Equity markets have been somewhat volatile in recent weeks, with the main driver of this volatility the ongoing stimulus talks in the U.S. From discussions to halted negotiations to a piecemeal solution, and then back to a potentially full stimulus package, uncertainty has gripped investors. Among economists, the only certainty appears to be the necessity for further stimulus, which may help boost the world’s largest economy.
Last week, the U.S. Federal Reserve Board reiterated its belief that more stimulus is absolutely necessary to support the recovery. Meanwhile, initial jobless claims were higher than expected, signaling a slower recovery in the labour market. This may put more pressure on the government to put a spending package together, sooner rather than later. While investors monitor progress on a new package, financial markets could experience even more volatility.
Canada’s unemployment rate fell to 9.0% in September: Canadian job gains unexpectedly accelerate in September
The global recovery may be longer than expected: Global economy’s recovery from pandemic seen extending past 2021
More government support needed: Powell warns of weak U.S. recovery without enough government aid
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Looking to alternatives for diversification: What’s driving multi-asset funds into alternatives
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A look at the performance of value stocks: Is value investing still relevant in a volatile market?
Reasons for hope
Canadian government purchases rapid antigen tests: First antigen rapid test for COVID-19 gets Canadian approval
WHO believes we could have a vaccine by the end of this year: WHO boss: ‘By end of this year, we may have a vaccine’
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Adapting your business
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The line between home and work life have blurred: Microsoft CEO says remote work can feel like ‘sleeping at work’
Chart of the week: Deferrals pushing down insolvencies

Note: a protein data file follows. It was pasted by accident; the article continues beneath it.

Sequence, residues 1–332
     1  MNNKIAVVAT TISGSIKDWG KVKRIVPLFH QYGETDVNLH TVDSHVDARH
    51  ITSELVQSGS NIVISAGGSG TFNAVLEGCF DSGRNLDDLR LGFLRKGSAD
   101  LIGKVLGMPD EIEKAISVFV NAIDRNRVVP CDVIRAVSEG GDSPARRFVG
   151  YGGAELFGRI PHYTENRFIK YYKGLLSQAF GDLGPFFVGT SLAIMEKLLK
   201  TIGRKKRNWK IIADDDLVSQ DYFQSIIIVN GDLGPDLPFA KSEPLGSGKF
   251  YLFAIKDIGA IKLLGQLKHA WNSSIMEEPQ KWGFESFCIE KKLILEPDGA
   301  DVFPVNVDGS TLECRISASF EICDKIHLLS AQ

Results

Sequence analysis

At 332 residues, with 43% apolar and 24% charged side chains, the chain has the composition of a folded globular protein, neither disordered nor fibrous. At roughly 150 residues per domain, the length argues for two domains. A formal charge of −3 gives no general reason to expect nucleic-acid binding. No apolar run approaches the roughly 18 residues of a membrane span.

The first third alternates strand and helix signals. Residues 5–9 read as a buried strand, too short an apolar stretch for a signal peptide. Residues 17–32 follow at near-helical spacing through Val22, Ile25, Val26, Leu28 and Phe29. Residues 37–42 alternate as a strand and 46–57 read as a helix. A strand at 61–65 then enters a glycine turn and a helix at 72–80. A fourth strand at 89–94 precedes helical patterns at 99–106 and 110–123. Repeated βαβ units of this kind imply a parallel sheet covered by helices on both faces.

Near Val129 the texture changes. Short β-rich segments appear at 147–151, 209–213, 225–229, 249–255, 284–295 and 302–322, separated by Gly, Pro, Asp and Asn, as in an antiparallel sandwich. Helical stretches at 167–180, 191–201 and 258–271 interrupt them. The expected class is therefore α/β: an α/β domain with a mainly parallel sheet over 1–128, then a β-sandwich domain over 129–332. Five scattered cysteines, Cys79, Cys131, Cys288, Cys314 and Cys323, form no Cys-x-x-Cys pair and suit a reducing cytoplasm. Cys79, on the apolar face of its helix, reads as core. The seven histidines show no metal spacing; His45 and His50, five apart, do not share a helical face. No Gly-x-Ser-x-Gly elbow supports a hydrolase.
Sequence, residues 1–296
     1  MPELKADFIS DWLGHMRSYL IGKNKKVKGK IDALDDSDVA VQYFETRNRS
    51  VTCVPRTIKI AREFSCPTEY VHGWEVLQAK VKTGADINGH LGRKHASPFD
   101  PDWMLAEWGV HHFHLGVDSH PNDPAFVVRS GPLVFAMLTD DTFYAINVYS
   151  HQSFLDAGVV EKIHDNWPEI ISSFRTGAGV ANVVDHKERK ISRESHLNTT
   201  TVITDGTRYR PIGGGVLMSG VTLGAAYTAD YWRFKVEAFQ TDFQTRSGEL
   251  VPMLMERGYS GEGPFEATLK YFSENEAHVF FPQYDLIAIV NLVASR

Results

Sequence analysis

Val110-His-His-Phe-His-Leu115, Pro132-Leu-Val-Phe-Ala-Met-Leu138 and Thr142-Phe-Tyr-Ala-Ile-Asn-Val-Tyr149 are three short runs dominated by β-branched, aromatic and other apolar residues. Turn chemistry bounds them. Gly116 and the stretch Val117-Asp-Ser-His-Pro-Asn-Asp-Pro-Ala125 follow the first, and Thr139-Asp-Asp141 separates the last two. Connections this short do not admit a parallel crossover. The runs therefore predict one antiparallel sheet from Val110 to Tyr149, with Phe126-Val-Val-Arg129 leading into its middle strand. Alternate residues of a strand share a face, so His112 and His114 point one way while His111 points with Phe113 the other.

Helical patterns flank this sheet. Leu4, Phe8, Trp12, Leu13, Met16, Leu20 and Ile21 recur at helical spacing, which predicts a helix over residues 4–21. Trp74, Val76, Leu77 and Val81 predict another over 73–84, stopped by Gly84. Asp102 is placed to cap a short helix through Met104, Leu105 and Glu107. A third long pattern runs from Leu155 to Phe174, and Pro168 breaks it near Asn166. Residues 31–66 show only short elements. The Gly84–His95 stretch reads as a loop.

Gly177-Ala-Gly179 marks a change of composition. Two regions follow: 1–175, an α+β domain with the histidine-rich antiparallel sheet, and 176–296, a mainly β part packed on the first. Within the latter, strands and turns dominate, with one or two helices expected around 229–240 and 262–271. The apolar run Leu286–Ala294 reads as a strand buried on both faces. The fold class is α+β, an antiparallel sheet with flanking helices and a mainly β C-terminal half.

According to the Office of the Superintendent of Bankruptcy Canada, personal insolvencies, including bankruptcies and consumer proposals, were down 2.4% in August. Since the COVID-19 pandemic began, personal insolvencies have dropped markedly, largely in response to mortgage and other credit product deferrals, which have helped ease the burden on highly leveraged households.
With some government benefits scaled back, unemployment still high and deferrals ending, however, we might start to see a rise in personal insolvencies. In a speech last week, Bank of Canada governor Tiff Macklem indicated the central bank is closely monitoring household debt levels, particularly with historically low interest rates. Let us know what you think.
Used with permission of Bloomberg Finance L.P.
News and notes (U.S.)
Not all hedge funds on board with potential new disclosure rules: Hedge funds skeptical of SEC plan to let firms conceal stocks
Reputation matters for activist investors: Peltz, Ackman, Icahn: How their ‘hostile’ reputations really work
The EU removes the Cayman Islands from its tax-haven blacklist: Hedge fund industry welcomes removal of Cayman from EU tax ‘blacklist’
Charles Schwab completes acquisition of TD Ameritrade: Schwab: $26B TD Ameritrade deal is done
News and notes (Canada)
Franklin Templeton launches new ETF: Franklin Templeton launches growth ETF
Trade between Canada and China on the rise: Trade between Canada and China reaches record levels
Equity ETFs posted net outflows in September: Flows into ETFs cool to $1.1B in September
A look at why advisors aren’t including ETFs in their portfolios: Why aren’t advisors using ETFs in their portfolios?